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on 19 February 2011
Donor is not my usual genre, womens fiction being my natural home.... But I so enjoyed reading this book: I read it in the space of 48 hours, the suspense kept me gripped! The plot is intricate, full of twists and turns, just as you think you know what's going to happen, something new happens throwing you back into the suspense. Against the sinister medical plot backdrop, the human interest stories of Amanda and her family, and Dunbar's relationship with Lisa maintain the emotional engagement of the reader. A great read, thank you! This book would make a brilliant film!
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TOP 500 REVIEWERon 28 June 2012
The first in the Dr Dunbar series, but I haven't read these in any particular order. Mr McClure has delivered another sensational thriller in this up to the minute story of medical ethics, private health care , animal rights, donor organs and so much more.

For me, these stories work so well at every level. Mr McClure's medical background means that the plot is plausible and, more worryingly, quite possible. Accepted practice is challenged and the norm is stretched to take the reader ona page turning ride which could well be reality. I like the Dunbar character because he has a believable background and his actions and motivations ring true. He's not particularly exceptional but the situations he meets are diverse and many are thought provoking. So the plot and characters work well as a straightforward medical thriller, where it's difficult to second guess the outcome. On the way, the reader is invited to consider ethical and moral issues. Should money buy medical privilege, to what extent is it right to involve animals in experiments, what are the options to resolve the shortage of donor organs? Other issues are raised and explored, but in such a way that the reader is left with food for thought. There are no simple answers and in this, as in other Dunbar stories, both sides of an is sue are presented without particular bias. Thought this was a great start to the series, was gripped from page one and was still reading at two o clock in the morning because I just couldn't put it down. Thanks Mr M. Another cracking tale.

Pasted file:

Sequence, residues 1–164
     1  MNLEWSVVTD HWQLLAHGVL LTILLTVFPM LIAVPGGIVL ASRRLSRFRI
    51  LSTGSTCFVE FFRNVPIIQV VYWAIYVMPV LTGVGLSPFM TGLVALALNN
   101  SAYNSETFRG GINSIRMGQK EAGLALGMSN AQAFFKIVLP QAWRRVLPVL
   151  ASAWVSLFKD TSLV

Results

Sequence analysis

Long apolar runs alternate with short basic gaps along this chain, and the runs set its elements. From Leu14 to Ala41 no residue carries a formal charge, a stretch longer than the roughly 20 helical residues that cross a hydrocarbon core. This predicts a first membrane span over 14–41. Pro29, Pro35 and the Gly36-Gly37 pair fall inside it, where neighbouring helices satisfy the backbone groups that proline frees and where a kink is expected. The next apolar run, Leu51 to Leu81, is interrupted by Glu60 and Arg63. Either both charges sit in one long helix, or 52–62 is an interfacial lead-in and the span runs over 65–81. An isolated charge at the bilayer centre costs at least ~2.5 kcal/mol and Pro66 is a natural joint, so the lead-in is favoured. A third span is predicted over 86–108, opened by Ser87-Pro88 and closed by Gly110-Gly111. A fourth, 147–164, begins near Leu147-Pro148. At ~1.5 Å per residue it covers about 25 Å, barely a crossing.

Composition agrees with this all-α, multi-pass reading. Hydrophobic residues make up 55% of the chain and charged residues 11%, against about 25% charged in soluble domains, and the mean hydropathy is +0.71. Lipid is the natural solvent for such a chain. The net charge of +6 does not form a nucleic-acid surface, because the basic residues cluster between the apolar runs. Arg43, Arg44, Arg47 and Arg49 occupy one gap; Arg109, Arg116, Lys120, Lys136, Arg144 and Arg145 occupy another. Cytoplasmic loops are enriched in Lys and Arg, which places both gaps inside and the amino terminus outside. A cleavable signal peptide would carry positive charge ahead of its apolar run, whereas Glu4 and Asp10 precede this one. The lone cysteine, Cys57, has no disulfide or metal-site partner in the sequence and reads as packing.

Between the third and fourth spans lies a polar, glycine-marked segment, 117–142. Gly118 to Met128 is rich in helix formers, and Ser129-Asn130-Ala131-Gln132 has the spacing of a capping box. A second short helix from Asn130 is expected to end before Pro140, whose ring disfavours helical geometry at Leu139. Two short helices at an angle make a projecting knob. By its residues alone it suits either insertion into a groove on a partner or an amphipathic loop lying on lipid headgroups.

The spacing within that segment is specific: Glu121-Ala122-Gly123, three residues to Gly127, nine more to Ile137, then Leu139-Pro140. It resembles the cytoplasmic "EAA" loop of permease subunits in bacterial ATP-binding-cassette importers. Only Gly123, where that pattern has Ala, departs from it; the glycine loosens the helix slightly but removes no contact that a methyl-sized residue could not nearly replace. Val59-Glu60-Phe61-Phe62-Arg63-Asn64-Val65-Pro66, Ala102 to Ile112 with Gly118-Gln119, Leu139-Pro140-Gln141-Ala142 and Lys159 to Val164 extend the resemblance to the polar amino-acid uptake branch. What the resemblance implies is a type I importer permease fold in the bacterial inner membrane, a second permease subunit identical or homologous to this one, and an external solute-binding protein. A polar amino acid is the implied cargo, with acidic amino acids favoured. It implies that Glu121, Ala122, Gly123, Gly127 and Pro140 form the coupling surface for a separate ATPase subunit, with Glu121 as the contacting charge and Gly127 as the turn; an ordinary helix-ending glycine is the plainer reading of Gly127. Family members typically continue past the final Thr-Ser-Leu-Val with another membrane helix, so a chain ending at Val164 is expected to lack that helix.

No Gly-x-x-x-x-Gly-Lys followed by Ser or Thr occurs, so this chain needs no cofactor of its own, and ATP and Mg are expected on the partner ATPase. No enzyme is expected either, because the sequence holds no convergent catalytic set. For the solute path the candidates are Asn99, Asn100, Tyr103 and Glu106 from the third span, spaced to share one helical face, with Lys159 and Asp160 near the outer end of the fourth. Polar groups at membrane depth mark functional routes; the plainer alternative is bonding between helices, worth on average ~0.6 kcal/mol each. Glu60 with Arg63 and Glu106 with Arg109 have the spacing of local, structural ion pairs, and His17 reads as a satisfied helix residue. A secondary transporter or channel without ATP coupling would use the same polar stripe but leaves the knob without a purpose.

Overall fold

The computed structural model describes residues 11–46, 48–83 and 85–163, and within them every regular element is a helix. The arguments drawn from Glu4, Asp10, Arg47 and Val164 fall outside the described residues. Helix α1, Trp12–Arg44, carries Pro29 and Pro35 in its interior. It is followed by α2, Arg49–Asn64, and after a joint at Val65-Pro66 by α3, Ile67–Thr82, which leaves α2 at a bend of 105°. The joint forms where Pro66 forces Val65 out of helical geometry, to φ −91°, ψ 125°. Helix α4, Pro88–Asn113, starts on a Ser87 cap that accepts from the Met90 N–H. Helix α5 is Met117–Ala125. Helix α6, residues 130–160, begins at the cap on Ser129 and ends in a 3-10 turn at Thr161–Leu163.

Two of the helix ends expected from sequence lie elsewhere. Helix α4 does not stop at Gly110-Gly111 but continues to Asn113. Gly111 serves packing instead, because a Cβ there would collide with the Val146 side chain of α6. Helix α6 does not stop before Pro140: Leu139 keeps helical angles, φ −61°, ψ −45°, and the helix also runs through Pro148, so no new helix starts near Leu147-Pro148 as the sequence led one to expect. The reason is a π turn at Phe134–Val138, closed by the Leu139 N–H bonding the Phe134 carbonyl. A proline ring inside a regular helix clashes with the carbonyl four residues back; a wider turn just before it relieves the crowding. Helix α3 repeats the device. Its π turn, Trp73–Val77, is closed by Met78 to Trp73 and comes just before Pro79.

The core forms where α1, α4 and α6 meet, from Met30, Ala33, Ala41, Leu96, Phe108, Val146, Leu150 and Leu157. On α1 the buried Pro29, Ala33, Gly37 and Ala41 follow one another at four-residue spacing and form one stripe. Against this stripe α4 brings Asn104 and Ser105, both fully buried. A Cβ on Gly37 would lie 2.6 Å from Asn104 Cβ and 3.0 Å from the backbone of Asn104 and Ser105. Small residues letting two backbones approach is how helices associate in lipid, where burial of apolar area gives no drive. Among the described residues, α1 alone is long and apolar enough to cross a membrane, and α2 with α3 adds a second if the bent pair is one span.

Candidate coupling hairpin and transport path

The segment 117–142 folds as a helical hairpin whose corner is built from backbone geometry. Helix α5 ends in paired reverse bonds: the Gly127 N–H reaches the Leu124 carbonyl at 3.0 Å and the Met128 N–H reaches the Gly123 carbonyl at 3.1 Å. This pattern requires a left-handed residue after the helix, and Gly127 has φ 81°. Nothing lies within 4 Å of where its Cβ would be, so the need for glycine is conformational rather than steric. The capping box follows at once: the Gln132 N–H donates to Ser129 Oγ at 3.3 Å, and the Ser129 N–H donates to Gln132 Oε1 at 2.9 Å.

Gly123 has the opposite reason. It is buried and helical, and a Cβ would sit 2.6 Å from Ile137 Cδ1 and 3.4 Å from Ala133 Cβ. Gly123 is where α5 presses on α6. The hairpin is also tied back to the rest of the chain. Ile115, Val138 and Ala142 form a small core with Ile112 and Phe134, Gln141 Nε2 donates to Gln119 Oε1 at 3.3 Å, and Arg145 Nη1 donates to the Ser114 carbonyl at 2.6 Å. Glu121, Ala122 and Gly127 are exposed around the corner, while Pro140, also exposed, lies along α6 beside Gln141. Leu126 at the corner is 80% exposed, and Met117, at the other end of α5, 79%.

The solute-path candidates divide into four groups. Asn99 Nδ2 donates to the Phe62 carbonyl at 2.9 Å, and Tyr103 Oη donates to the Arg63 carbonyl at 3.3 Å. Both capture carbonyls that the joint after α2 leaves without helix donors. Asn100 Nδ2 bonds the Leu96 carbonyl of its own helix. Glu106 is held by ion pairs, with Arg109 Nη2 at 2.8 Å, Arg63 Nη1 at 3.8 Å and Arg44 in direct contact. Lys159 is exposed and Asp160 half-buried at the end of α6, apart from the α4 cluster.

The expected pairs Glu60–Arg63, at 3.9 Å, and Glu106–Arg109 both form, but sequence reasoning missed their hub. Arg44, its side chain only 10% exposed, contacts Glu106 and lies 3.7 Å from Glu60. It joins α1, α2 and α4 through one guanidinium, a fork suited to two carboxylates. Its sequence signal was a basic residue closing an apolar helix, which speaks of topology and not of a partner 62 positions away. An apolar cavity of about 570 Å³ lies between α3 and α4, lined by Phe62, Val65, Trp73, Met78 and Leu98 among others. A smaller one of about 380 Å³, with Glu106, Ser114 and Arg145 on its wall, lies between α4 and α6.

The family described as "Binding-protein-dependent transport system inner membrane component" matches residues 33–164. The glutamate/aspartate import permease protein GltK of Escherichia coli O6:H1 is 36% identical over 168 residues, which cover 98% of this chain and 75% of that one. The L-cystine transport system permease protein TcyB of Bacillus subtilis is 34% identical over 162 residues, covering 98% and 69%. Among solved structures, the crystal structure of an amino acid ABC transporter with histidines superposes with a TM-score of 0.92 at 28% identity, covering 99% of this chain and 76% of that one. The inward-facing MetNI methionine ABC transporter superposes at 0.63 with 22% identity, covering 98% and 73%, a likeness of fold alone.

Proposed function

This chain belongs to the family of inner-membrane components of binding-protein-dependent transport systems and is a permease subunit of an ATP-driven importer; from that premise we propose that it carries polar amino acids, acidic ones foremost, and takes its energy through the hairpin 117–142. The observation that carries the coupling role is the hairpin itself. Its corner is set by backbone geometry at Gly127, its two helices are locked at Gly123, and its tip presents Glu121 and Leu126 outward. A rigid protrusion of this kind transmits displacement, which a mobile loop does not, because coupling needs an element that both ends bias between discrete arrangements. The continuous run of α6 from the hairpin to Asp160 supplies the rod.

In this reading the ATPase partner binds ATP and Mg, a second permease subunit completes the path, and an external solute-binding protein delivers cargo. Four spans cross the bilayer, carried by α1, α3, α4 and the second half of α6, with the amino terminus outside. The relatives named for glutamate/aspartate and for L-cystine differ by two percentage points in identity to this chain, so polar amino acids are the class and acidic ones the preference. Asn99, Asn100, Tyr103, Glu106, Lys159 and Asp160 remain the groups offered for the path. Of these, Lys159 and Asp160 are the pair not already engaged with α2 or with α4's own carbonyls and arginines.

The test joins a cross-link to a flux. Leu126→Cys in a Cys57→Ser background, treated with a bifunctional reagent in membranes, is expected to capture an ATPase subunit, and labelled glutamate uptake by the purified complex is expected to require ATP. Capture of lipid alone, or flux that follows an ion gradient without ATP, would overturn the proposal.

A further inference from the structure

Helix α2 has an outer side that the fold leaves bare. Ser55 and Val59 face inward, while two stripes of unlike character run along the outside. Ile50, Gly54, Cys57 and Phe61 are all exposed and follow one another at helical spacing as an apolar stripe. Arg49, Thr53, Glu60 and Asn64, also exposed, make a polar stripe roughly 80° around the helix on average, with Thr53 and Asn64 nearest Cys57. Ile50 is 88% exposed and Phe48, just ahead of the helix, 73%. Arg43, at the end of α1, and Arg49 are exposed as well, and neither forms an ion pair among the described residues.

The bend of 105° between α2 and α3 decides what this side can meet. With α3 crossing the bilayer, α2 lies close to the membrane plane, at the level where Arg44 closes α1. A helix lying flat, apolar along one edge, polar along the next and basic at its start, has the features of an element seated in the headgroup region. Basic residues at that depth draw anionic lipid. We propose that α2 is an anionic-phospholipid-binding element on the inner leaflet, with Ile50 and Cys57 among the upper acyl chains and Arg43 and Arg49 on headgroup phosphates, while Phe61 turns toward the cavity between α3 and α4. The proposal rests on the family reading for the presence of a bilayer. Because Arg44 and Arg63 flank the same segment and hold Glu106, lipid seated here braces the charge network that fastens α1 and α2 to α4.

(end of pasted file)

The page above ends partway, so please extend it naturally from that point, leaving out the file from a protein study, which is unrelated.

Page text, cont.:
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on 26 April 2017
Love it
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on 30 May 2016
What a brilliant book the best I have read in ages looking forward to reading all the Steven Dunbar stories so glad I have now discovered ken mcclure brilliant!
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on 18 April 2013
A well written medical thriller. Although I wouldn't say it was edge of your seat riveting, it did keep me interested and I will probably read more from this author.
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on 1 April 2013
I enjoyed this book from start to finish I... it's goid value for your money and I will read more from this writter
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on 8 April 2012
love all the books in this series and this is an absolute bargain for 89p! Dr Dunbar is a great character and kept me reading up to the end.
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Two children die straight after what should have been straightforward kidney transplants and a diagnosis of rejection is given, however two nurses independent of each other question the decisions and are both fired.

Dr Steven Dunbar is sent undercover to the Medic Ecosse Hospital in Glasgow to uncover what really happened.

To tell more would just spoil the story, however, the plot sounded totally plausible and therefore kept my attention.

I thoroughly enjoyed the way Stephen Dunbar went about finding out what was really going on and I look forward to following Dr Dunbar through the rest of the series.
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on 9 June 2017
My first by the author and it had me sitting on the edge of my seat throughout ! Two children dead after rejecting a kidney post transplant in a private hospital and a third about to have the same procedure . Two theatre nurses sacked for attempting to whistleblow and now the government has stepped in with a medical detective to figure out what is going on . A read full of suspense and disbelief from start to finish .
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on 13 August 2011
Expecting not too much because the book was less than £1, I was pleasantly surprised. Unusual story, interesting side-plots and good momentum. OK, so the book doesn't stand beside Karin slaughter or Lee Child but, then again, very few do. Blessedly for a medical thriller the author doesn't try to prove how clever he is by introducing convoluted medical terminology and processes (I'm a Dr already, I don't need a textbook disguised as a thriller!), rather the medical aspect is kept plain and simple but still conveys the necessary jeopardy of the plot.

Rather well executed, I thought.
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